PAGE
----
The Kíndalla are the predominant ethnic group of kíndallans on the species’ homeworld of Gadalla and throughout the cosmos. The culture is notable for a series of color associations which often directly conflict with the color associations of their Earthling counterparts.
- White, which represents purity in many Earthling subcultures, is more closely tied with the idea of strength in Kíndallan society. Kíndallan horns are white, and are their fiercest natural weapon. The traditional garb of Kíndallan warriors is also white, for this very reason.
- Red, a color representing danger or cause for alarm on Earth, is the color of purity and beauty for Kíndallans. Red is the color of their skin, of course.
- Black, a color with many different associations for Earthlings, is most closely related with the idea of possibility in Kíndallan society. So, while Kíndallan priests and high officials might wear black, and black is the color worn by mates to a pair- or group-bonding ceremony, it is not necessarily associated with formality; it’s used to convey mystery and excitement instead. And black is never used for mourning.
- That’s what blue is for. Blue, the color of The River from whence the Kíndallans came—and where they are bound to return—is the color of mourning. It is the color of righteous sadness, and of longing.
As mentioned above, red is the color of beauty in Kíndallan society. But they aren’t picky about which shade of red a person is. In fact, the ideal is a person who is expert enough in their ability to shape-shift that they can change the level of pigment in their skin to match the coloration of any person whom they are trying to impress.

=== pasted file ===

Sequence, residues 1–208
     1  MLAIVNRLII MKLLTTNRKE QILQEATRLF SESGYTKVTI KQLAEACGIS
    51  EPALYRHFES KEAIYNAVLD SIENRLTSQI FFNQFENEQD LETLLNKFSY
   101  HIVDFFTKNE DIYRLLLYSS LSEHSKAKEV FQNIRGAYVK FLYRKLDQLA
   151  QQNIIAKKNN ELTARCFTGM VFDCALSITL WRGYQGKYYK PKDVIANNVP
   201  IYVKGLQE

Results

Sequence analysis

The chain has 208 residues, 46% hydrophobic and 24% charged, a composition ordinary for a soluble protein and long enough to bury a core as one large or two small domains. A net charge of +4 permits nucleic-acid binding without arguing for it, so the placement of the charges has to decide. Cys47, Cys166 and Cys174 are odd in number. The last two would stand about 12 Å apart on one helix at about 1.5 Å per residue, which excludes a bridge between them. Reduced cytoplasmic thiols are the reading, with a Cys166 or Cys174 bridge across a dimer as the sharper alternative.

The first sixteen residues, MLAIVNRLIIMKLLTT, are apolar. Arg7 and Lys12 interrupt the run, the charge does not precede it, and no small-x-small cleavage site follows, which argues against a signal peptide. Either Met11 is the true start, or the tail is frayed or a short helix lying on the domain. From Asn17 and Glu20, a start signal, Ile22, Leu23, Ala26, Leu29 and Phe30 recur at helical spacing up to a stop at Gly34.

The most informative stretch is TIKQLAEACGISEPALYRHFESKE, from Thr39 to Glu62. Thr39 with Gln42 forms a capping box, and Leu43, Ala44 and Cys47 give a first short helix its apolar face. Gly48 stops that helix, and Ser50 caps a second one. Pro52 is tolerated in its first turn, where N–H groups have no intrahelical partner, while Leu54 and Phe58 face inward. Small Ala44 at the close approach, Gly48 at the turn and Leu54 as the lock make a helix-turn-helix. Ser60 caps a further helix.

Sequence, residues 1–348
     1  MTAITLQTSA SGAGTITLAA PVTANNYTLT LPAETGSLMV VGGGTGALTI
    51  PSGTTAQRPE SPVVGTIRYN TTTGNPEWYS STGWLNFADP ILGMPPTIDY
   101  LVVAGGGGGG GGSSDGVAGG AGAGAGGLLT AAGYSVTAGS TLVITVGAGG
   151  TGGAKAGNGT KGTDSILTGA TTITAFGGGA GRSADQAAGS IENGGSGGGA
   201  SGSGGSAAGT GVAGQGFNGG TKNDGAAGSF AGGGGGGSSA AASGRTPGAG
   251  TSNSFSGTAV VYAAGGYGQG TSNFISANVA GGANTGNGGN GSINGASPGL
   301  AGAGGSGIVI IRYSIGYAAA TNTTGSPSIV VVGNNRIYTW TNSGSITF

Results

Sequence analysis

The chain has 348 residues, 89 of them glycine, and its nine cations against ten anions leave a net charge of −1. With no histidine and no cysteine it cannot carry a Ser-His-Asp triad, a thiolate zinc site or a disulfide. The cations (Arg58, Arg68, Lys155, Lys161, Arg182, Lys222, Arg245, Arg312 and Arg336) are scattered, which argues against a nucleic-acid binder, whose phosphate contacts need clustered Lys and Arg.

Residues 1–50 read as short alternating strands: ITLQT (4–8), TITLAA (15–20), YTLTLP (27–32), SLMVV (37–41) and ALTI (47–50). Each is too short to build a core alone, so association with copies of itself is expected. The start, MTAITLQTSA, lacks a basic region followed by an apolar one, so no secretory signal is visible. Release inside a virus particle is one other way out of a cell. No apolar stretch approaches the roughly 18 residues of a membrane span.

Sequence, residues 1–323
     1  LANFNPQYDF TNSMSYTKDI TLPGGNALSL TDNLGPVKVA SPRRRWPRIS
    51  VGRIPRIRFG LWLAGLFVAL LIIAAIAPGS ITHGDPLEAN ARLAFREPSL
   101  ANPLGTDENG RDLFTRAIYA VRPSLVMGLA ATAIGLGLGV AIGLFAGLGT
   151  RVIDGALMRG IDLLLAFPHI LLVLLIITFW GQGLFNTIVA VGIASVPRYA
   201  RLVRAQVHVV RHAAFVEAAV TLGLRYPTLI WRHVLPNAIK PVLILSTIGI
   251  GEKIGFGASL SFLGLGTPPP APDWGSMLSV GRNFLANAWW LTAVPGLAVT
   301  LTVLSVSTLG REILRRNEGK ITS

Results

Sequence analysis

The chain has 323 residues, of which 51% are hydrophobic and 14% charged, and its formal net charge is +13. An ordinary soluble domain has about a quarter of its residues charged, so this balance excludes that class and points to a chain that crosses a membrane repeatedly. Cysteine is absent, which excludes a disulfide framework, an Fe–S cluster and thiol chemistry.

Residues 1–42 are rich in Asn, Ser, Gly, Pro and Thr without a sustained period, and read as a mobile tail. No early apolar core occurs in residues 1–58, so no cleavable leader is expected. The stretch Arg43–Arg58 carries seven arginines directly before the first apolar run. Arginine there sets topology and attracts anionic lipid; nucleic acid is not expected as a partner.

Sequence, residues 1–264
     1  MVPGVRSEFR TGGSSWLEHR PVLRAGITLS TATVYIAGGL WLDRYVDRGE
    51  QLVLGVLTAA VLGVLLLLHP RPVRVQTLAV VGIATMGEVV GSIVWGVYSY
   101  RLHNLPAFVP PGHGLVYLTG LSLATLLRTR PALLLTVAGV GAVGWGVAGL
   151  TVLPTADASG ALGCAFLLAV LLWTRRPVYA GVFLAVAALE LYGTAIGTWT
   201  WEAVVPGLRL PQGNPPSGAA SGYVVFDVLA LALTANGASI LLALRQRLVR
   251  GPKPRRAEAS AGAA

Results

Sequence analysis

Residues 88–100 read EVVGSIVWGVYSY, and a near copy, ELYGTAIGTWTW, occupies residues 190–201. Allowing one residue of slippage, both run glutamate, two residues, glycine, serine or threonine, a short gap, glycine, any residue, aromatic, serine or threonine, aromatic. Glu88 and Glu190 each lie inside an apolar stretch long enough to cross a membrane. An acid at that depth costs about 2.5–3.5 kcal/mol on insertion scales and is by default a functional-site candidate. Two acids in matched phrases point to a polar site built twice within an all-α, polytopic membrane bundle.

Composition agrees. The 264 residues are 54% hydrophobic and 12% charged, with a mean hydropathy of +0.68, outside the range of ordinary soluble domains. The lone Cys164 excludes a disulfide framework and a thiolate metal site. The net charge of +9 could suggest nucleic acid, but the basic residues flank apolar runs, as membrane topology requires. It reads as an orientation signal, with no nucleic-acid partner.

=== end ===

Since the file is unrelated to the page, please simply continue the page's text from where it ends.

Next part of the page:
Kíndallans are biologically genderless, though they delight in mimicking the plethora of genders they’ve encountered in other species during their voyages through the universe. The more fluid the Kíndallan, the better.
As is the case with the society’s beauty and gender ideals, an adaptable partner is the best partner. Most adult Kíndallans are polyamorous, so the ideal mate is one who won’t freak out if they’re one of many or suddenly the only one.
Dr Emily Vair-Turnbull
I like that their colour associations are a lot different from our own - and their beauty, gender, and relationship ideals make me happy! <3
E. Christopher Clark
Yes! Me, too. I'm really surprised by how much I'm growing to like this society that started off as villains in an old comic of mine. Also intrigued to write about the cult within their culture that are the *actual* villains I was writing about so long ago.
I'd like to echo Dr Emy's comment. I'm living for their beauty, gender, and relationship ideals, and their culture sounds so interesting!
E. Christopher Clark
Yay! This is so heartening to hear. I'm thinking that they definitely need to be a big part of my next series (which I'm brainstorming now).
You'll have to keep us informed! ^_^